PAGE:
CHINA: China will continue to fine-tune its COVID-19 control measures to reduce infections and serious cases; this decision was taken a day after unexpected announcements were made to mitigate the effects of a serious zero-COVID policy.
China has made a new effort to fine-tune the COVID-19 policy
Today, on Saturday (November 12,2022), China’s senior health officials have cleared up the doubt by describing the earlier announced sweeping overhaul to its COVID Zero playbook as a set of rules rather than a relaxing of safeguards.
The new move to keep the COVID-19 policy fine-tuned by China’s officials has made financial markets cheer, despite a rise in infections to their highest level since late April, according to statistics released on Saturday, with outbreaks in important cities including Beijing, Guangzhou, and Chongqing.
In the softening measures announced on Friday, shorter quarantines for incoming travellers and those in close contact with infected people were implemented. Quarantines were limited to eight days rather than 10, with the first five days being spent in a central facility.
China’s strict regulations have hampered the second-largest economy in the world, hurting business operations and aggravating locals with lockdowns, quarantines, frequent testing, and travel delays.
“We don’t rule out the possibility of further optimising and adjusting our quarantine measures as new virus variants keep coming, our understanding of the disease deepens, and the epidemic situation changes both at home and abroad,” researcher Wang Liping from the Chinese Center for Disease Control and Prevention said at a news conference on Saturday in Beijing.
China will continue to identify close contacts but will no longer seek out “secondary” contacts, a strategy that traps many urban people in contact-tracing attempts after the discovery of a case, officials said on Friday.
Lei Haichao, the deputy head of the National Health Commission (NHC), stated at the news briefing that the measures will relieve bottlenecks, such as a lack of quarantine rooms and contact-tracing personnel.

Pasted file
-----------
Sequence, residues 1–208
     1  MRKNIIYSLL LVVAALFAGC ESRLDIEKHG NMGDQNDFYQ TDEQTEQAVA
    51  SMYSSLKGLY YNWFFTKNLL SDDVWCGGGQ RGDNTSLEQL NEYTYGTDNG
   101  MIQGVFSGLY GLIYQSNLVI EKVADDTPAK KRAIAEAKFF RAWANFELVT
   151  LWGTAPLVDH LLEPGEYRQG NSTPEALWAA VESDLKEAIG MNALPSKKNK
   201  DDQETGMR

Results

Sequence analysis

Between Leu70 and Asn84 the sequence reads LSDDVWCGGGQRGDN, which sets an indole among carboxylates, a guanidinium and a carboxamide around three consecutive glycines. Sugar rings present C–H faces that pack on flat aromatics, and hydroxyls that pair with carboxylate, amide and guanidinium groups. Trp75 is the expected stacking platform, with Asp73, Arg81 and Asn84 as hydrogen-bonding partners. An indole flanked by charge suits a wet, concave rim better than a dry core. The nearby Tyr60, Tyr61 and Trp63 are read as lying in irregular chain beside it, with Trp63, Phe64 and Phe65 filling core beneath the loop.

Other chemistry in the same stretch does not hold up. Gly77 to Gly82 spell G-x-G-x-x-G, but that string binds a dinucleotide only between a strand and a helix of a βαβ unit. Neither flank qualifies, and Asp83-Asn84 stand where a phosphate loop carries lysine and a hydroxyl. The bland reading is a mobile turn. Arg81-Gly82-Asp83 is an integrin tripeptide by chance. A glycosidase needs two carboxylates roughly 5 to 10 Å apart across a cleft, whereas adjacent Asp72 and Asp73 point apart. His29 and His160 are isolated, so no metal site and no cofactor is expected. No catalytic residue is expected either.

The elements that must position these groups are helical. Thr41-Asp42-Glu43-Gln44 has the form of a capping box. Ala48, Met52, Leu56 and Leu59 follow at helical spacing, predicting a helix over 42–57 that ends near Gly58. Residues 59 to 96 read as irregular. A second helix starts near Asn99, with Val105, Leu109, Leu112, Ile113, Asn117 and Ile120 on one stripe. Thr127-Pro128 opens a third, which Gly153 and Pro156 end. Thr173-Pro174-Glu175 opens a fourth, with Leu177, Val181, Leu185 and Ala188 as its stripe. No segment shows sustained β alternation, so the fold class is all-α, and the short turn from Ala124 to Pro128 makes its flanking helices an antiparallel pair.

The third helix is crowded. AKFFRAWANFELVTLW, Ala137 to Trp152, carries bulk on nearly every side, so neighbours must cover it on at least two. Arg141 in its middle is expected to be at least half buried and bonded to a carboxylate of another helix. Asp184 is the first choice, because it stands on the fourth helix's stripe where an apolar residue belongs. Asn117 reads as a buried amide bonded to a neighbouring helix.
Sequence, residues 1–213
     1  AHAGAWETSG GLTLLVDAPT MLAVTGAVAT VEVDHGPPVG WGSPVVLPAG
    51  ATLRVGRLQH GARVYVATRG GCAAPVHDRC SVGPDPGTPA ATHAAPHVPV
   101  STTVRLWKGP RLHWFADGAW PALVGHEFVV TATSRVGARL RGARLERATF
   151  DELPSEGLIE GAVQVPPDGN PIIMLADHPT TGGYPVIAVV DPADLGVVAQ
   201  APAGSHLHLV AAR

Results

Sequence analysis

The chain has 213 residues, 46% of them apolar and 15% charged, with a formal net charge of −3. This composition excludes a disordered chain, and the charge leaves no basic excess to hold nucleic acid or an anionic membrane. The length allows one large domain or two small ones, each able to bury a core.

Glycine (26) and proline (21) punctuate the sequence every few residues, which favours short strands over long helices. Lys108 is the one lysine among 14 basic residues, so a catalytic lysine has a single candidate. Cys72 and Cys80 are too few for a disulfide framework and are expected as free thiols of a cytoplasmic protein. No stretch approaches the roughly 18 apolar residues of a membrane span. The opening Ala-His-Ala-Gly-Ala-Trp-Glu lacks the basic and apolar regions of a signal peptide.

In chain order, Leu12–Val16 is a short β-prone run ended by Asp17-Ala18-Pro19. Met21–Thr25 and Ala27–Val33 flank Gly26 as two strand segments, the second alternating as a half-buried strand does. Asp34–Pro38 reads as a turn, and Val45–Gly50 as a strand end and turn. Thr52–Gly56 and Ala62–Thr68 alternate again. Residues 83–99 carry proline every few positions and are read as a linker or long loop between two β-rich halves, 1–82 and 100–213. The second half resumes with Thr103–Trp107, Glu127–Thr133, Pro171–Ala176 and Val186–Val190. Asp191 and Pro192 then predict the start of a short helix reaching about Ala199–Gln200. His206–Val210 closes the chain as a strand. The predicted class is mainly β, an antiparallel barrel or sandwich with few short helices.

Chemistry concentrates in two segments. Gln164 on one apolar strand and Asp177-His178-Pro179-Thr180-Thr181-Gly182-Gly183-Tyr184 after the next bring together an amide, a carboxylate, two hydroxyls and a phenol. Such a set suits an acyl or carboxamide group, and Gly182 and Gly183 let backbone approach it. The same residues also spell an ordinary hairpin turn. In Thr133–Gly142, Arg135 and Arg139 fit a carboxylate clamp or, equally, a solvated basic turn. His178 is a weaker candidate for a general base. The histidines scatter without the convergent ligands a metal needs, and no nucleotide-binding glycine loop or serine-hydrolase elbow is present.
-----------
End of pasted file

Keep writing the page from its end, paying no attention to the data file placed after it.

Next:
As per Jiang Shuai, a 27-year-old finance professional in Beijing, “A complete reopening is still unrealistic at this moment. But in terms of the COVID-19 vaccine and therapy, we can anticipate better things in the future.”
Lei noted that China has considerably fewer hospital beds per capita than Western nations and that China will continue to pursue “as few infections and as few serious, critical cases as possible” through a prevention-focused strategy.
The NHC recorded 11,950 new COVID infections for Friday, a modest number by international standards but an increase over the 10,729 cases reported the day before.
In light of rising case numbers in numerous major cities, Goldman Sachs stated that it continues to see downside risks to China’s near-term economic development and referred to the measures as having a “marginal economic impact.”
Guangzhou, the city in south with a population of over 19 million, reported 3,180 locally transmitted infections on Friday, an increase from 2,583 the day before.
According to local government data, Beijing had 68 symptomatic and 48 asymptomatic cases, compared to 64 symptomatic and 54 asymptomatic instances the day before.
The capital of China is experiencing daily testing in numerous sectors despite continued economic problems. In order to conduct COVID control and preventive measures, the upmarket SKP retail centre in the sizable Chaoyang neighbourhood announced that it would be closed on Saturday.